Two months after the parties announced they would be rekindling their alliance, sources say the formula has been worked out and all details sorted.
New Delhi: Two months after the Congress and Sharad Pawar’s Nationalist Congress Party confirmed that they would contest next year’s Lok Sabha and Maharashtra assembly elections in alliance, the parties have worked out the nitty-gritty of their arrangement.
Sources in both parties confirmed to ThePrint that the seat-sharing pact has been sealed, and while the announcement may not be made immediately, party workers would be informed about the decision in the coming week.
The alliance had been confirmed in February after a meeting between Maharashtra Congress president Ashok Chavan and NCP state president Sunil Tatkare. The two parties had ruled Maharashtra in alliance for 15 consecutive years before going their separate ways ahead of the 2014 assembly polls, where both were defeated.
NCP Rajya Sabha MP Majid Memon told ThePrint: “In the past few weeks, we have tried to settle our minor differences, and I am glad we have got a positive response from the top leadership of the Congress.
“In Maharashtra we have agreed to contest together in the Lok Sabha and even assembly elections. In other states, the NCP won’t act in a manner detrimental to the opposition effort to defeat the BJP.”
Memon refused to divulge any details about the seat sharing agreement, saying it was still too early to discuss this.
But ThePrint has learnt that the Congress will contest 26 of Maharashtra’s 48 seats and the NCP the other 22.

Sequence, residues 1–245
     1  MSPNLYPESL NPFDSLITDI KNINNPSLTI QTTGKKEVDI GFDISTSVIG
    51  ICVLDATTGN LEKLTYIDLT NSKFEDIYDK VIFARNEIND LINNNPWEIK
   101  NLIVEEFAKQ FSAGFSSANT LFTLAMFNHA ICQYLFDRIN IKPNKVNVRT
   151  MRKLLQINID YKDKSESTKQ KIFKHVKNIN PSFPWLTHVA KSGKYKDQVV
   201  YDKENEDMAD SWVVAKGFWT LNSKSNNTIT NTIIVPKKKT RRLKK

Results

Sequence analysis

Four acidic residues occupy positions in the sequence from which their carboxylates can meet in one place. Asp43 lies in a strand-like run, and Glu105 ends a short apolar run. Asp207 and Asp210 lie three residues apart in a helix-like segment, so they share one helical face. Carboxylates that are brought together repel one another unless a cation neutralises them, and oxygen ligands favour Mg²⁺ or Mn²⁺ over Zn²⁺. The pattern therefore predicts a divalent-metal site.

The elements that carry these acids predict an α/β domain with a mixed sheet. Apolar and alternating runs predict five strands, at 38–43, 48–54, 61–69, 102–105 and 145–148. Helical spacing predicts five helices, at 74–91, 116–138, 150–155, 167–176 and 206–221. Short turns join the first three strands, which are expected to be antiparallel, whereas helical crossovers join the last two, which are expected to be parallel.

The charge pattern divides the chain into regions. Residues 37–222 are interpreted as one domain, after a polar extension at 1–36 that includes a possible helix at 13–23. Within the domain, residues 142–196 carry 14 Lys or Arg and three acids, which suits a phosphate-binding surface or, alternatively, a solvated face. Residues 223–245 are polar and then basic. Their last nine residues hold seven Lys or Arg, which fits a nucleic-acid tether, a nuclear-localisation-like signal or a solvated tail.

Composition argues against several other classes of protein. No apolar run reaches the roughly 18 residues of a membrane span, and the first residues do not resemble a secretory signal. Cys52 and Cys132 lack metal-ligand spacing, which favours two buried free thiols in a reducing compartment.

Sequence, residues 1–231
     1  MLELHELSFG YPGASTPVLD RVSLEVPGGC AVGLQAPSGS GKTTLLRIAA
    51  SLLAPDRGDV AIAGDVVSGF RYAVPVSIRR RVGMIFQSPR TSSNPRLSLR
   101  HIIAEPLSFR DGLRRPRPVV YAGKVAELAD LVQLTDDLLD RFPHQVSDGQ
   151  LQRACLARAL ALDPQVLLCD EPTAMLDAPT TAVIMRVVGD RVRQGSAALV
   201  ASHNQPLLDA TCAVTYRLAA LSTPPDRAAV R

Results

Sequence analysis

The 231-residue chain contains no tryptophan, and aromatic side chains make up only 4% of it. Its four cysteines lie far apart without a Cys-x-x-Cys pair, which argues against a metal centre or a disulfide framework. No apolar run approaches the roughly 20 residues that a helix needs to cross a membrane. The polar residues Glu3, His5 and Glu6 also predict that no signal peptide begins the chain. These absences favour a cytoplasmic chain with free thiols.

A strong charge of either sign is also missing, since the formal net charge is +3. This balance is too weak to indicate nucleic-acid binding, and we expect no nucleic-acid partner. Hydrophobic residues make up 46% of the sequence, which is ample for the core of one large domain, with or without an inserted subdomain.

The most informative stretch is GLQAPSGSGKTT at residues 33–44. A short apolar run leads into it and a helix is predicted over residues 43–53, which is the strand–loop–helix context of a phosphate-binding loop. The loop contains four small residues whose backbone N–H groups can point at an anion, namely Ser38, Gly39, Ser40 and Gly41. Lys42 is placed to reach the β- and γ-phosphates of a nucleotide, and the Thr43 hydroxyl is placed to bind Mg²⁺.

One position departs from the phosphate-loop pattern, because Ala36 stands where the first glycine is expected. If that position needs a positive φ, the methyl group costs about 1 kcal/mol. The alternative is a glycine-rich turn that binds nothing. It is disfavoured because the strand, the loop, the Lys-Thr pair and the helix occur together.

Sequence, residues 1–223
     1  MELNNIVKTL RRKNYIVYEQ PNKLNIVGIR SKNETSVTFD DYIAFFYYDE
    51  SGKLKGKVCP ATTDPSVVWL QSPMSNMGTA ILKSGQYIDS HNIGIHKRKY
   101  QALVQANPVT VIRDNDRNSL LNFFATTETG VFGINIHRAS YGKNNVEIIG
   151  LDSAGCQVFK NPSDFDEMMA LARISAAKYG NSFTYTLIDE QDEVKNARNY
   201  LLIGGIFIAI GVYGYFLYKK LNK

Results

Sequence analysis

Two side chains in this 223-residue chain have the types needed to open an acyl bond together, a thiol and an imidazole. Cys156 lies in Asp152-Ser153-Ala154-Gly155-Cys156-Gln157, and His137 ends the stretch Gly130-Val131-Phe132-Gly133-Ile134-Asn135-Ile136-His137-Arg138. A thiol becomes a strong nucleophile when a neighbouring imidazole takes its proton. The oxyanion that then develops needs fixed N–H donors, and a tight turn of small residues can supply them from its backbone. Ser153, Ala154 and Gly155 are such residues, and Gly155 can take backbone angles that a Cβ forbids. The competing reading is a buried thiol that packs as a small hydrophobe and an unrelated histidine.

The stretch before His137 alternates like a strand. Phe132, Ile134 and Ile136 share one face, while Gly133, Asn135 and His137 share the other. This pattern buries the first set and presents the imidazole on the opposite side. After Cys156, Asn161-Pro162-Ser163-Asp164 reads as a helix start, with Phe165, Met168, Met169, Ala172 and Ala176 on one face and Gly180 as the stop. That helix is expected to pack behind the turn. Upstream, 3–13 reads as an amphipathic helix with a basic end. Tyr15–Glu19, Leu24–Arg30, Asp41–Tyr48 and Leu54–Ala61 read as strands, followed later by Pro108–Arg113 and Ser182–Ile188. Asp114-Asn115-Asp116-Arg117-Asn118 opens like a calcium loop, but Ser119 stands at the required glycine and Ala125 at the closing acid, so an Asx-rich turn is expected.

Swabhimani Shetkari Sangathana MP Raju Shetti, who recently left the NDA fold to ally with the Congress, will be accommodated within the Congress quota, sources say.
Of the six seats in Mumbai, the NCP will contest Mumbai North-East, currently represented by Kirit Somaiya of the BJP. The NCP had fought this seat in 2014 as well, representing the alliance.
Meanwhile, for Maharashtra’s 288 assembly seats, which go to the polls later in 2019, the Congress has already submitted a list that NCP can contest, which the latter is working on finalising.
Why the reunion
In addition to viewing the BJP as a common enemy, the Congress and the NCP seem to have decided to rekindle their old alliance after the results in the Gujarat assembly polls, where the Congress lost in 12 seats due to a division of votes with the likes of the NCP and the BSP. Eventually the BJP’s margin of victory was 19 seats, indicating just how close things could’ve been had there been no division of votes.
After the parties had agreed to the alliance in principle, the process got accelerated when Congress president Rahul Gandhi met Pawar in New Delhi on 14 March and offered him the position of convenor of a UPA-3.
Pawar, now 77, realises this is probably his last chance to make a meaningful contribution to national politics after having come close to the prime ministership in the past. Hence, he has been one of the galvanising points for opposition parties, like West Bengal chief minister Mamata Banerjee, whom he met on 27 March in Delhi. Banerjee told Pawar that she was keen on pre-poll alliances being in place in two of the biggest states in the country, UP and Maharashtra.
“Pawar ji has been recognised by all the anti-BJP parties as someone who has the ability to bring everyone together and defeat the BJP. He also shares a very good relationship with the top Congress leadership,” Memon pointed out.